These men's need for speed couldn't be quenched in just one pilot's seat - even after they had won a Formula 1 championship (or two) or become astronauts.
Top 5: the men who broke all the limits in their need for speed
For some speed freaks, the thrills of driving a car just aren't enough; they need the extra power - not to mention the added dimension - of flying an aeroplane. Both car and plane need skill and daring to push to their limits; unfortunately, finding the limits of an aeroplane can be far more dangerous than in a car, as some adventurers found out the hard way.
Before becoming an ace pilot in the First World War and shooting down more planes than any other US pilot, Rickenbacker was a race driver, contesting the Indianapolis 500 four times. In 1920, he started the Rickenbacker Motor Company; despite inventing the first four-wheel brake system, it went bankrupt seven years later. He owned the Indianapolis Motor Speedway for 15 years, managed Eastern Air Lines for GM (surviving a crash in 1941), and during the Second World War spent 24 days adrift in the Pacific after his plane was forced to ditch.
There are two definitions of winning a triple crown in motorsport; the Indianapolis 500, the 24 Hours of Le Mans and then either winning the Monaco Grand Prix or a Formula One world championship; either way, Hill is the only person to accomplish the feat. He tallied two F1 championships despite not learning to drive until 24. Off the track, Hill got his pilots licence and appeared in the 1974 film Caravan to Vaccarès as a helicopter pilot. Hill died when a plane he was flying crashed in 1975.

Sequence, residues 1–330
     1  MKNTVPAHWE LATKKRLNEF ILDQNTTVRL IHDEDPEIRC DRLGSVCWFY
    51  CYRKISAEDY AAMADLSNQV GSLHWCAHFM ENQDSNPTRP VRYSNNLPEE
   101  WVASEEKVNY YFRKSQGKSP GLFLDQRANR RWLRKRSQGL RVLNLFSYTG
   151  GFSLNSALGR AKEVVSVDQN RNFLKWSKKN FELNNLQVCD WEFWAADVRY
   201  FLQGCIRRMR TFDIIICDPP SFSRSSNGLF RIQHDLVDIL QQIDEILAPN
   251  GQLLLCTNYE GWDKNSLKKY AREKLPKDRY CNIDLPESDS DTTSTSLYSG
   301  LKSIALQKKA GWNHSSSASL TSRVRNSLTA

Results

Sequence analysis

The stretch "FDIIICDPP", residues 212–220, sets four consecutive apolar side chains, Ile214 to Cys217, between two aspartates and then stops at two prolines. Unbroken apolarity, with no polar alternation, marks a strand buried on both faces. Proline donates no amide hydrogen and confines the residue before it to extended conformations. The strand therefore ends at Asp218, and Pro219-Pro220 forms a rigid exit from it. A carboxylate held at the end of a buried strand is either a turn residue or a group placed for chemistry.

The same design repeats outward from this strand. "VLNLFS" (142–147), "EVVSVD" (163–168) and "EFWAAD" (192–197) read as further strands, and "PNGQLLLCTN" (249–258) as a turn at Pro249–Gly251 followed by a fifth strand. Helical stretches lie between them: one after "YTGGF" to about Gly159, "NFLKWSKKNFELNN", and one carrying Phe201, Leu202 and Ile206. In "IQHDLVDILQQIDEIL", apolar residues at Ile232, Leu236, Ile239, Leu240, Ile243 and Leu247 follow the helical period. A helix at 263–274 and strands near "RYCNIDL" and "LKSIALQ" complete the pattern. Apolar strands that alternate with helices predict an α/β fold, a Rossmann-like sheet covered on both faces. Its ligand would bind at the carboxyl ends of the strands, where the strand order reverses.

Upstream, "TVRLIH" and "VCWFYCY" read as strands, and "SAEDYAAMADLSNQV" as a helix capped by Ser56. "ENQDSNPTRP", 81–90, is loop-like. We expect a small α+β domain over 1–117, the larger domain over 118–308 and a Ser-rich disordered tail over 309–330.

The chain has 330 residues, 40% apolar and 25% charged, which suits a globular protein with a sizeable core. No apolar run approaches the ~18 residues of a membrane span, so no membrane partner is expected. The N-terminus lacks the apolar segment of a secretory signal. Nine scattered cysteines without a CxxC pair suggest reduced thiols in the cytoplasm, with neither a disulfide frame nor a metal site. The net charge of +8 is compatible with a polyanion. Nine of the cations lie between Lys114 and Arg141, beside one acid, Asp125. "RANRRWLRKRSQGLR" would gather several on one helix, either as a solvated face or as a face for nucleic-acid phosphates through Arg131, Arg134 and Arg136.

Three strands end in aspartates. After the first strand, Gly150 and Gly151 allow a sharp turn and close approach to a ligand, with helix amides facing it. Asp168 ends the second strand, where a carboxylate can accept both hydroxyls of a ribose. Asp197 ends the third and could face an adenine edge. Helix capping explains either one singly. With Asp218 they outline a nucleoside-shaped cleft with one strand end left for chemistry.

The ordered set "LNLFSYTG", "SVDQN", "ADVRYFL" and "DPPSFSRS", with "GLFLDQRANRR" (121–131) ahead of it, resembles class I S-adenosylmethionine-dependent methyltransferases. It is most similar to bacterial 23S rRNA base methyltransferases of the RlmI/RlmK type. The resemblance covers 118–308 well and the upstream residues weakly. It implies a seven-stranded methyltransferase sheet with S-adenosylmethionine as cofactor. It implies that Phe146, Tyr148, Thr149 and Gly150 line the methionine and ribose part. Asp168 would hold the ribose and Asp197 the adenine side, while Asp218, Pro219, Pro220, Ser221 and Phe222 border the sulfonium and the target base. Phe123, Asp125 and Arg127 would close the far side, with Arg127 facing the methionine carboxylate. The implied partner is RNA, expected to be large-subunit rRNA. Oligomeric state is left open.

A US Naval Officer during the Second World War, Shepard subsequently entered flight training and, in 1950, attended the US Naval Test Pilot School. In 1959, Shepard joined Nasa and became one of the seven Mercury astronauts. In 1961, he became the second person and first American to travel into space, behind Soviet cosmonaut Yuri Gagarin. Shepard was a fan of Corvettes and GM chief engineer Zora Arkus-Duntov had Shepard test drive for them. This led to the astronauts getting a special lease on the sports cars.
Before Lutz went on to lead a number of auto firms in a career spanning more than 40 years, he was a United States Marine Corps Naval aviator. His last military flight was in 1965, but 30 years later, after acquiring a Czech-built Aero Vodochody L-39 Albatros - a single-engine, two-seat, subsonic aircraft - Lutz took to the skies, solo, again. In 2004, he bought a West German Dornier A model Alpha Jet. Along with aeroplanes, Lutz also collects classic cars and motorcycles.
Fosset is famous for his numerous world records, which include the first solo balloon flight around the world and the first solo non-stop and unrefueled circumnavigation of the world in single-jet aircraft. He also competed in the 24 hours of Le Mans twice and the Paris to Dakar Rally. The billionaire was inducted into the Aviation Hall of Fame in 2007; later that year, the light aircraft he was piloting disappeared over the Nevada desert. He had been scouting locations for a future attempt at breaking the land-speed record.